One Flew Over the Cuckoo's Nest : a Novel Paperback
by Ken Kesey
Part of the Penguin Modern Classics series
Pitching an extraordinary battle between cruel authority and a rebellious free spirit, Ken Kesey's One Flew Over the Cuckoo's Nest is a novel that epitomises the spirit of the sixties.
This Penguin Classics edition includes a preface, never-before published illustrations by the author, and an introduction by Robert Faggen.
Tyrannical Nurse Ratched rules her ward in an Oregon State mental hospital with a strict and unbending routine, unopposed by her patients, who remain cowed by mind-numbing medication and the threat of electroshock therapy.
But her regime is disrupted by the arrival of McMurphy - the swaggering, fun-loving trickster with a devilish grin who resolves to oppose her rules on behalf of his fellow inmates.
His struggle is seen through the eyes of Chief Bromden, a seemingly mute half-Indian patient who understands McMurphy's heroic attempt to do battle with the powers that keep them imprisoned.
The subject of an Oscar-winning film starring Jack Nicholson, One Flew Over the Cuckoo's Nest an exuberant, ribald and devastatingly honest portrayal of the boundaries between sanity and madness. If you enjoyed One Flew Over the Cuckoo's Nest, you might like Anthony Burgess' A Clockwork Orange, also available in Penguin Modern Classics. "A glittering parable of good and evil." (The New York Times Book Review). "A roar of protest against middlebrow society's Rules and the Rulers who enforce them." (Time). "If you haven't already read this book, do so. If you have, read it again." (Scotsman).
- Format: Paperback
- Pages: 320 pages, Illustrations
- Publisher: Penguin Books Ltd
- Publication Date: 05/05/2005
- Category: Modern & contemporary fiction (post c 1945)
- ISBN: 9780141187884
Showing 1 - 5 of 8 reviews.
Previous | Next
Review by NativeRoses
Mental health workers as sadistic enforcers of social norms.
Review by MoonshineMax
One of the greatest books I have ever read. You pick it up, and are instantly thrown into a wonderful world, a product of Chief Bromden's slightly deranged mind and his observations aon life, and through both these observations, and the changing dynamic offsetted by the introduction of Randall P. McMurphy, Kesey sucks you in and spits you out with a different outlook on 'the Combine'. This is a tale that has it all - great humour, action, mystery, plot turns, and great sadness. And yet, when you put it down, you think to yourself that it is a remarkably short book, and,, in such a short space of time, it has had you so caught up in the whirligig emotions of its characters, you are so completely engaged, that the famous last line will breath truth upon your own life.'I been away a long time'.Simply Phenomenal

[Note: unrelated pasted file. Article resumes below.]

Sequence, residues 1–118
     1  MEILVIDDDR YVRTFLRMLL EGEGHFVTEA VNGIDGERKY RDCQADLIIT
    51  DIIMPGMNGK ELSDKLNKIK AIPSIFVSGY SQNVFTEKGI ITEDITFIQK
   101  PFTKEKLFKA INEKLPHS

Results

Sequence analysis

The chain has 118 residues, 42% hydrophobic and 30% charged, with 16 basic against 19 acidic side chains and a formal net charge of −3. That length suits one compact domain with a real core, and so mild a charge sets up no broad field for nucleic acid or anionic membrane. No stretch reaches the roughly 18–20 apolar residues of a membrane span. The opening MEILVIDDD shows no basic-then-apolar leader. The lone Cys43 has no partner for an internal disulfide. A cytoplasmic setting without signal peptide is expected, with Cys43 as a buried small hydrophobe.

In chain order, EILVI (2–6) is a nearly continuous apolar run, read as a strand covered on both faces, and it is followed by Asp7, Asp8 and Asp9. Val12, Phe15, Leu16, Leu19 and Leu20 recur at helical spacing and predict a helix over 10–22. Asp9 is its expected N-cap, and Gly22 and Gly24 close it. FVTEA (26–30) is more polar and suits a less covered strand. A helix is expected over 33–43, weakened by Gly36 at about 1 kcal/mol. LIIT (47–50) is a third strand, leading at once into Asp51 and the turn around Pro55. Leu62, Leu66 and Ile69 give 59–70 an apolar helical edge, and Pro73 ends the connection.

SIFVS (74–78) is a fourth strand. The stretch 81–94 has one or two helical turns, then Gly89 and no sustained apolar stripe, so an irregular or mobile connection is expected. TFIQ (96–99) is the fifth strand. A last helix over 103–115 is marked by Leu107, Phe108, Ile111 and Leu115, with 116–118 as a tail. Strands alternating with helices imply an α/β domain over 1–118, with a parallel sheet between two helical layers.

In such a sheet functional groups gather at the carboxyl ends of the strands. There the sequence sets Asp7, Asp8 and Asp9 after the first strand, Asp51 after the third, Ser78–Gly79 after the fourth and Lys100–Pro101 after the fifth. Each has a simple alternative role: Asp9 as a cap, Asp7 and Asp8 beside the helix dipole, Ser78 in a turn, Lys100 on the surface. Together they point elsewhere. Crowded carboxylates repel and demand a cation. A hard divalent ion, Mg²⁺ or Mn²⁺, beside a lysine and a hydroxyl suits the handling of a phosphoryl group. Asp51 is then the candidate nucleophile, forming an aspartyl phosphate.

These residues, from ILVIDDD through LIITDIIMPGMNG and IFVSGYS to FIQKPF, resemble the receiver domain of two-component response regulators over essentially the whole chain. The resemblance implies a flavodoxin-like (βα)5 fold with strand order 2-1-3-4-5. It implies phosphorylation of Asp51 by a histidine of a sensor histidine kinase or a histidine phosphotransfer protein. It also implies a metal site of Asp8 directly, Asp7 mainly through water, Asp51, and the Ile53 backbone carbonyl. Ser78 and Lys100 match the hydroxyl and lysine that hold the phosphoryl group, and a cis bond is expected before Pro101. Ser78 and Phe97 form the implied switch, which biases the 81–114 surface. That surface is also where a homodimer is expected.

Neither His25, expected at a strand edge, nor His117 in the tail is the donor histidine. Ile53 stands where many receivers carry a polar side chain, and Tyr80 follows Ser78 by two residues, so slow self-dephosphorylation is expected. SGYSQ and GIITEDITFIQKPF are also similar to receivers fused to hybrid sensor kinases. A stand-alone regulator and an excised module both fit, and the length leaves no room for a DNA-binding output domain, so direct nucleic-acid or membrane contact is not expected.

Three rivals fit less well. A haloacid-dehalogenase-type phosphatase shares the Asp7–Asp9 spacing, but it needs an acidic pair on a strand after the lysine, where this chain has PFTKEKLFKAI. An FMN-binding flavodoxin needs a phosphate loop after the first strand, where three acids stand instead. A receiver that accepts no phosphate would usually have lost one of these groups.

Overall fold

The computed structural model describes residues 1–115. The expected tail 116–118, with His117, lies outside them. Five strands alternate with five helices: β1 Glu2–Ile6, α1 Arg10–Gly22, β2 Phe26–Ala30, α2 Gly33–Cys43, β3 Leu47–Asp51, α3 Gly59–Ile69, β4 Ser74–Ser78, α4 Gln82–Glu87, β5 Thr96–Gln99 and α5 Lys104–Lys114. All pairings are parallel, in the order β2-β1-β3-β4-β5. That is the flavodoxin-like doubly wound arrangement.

Review by theboylatham
Seven out of ten.
Set in an American mental hospital full of gradually decaying inmates, one ward is taken over by the newest patient - a boisterous, fun-loving rebel who openly defies the dictatorship of the matriarchal Big Nurse and battles her for the hearts and minds of the other inhabitants. The story is told through the eyes of another character, the Chief - who is one of the first to grasp the heroic battle against authority that is being fought in his name and the toll it takes on it's participants. A strange book that is both uplifting and depressing, revolutionary and conservative - well worth reading though.
Review by breakbeat
Set in a state mental hospital during the 1960's, this is quite a shocking/surprising story told through the eyes of a half Indian (Chief Bromden)who pretends to be deaf & dumb of how one man (McMurphy) tries to fight against the system (in the form of the formidable Nurse Ratchet). It's impossible to not to empathize almost immediately with McMurphy who cannot fathom why most of the 'acutes' are in the hospital (epilepsy and homosexuality being the reason for 3 characters). His attempts to undermine the icey Nurse Ratchet causes amusement, alarm & unrest within the hospital and without spoiling it too much, ends bitter sweet. The descriptiveness of Bromden's hallucinations and perceptive observations of other patient's illness feels real and takes you on a hilarious but emotional journey.
Review by Peter_Forster
A very interesting novel about the struggle of an individual against a totalitarian system.
Previous | Next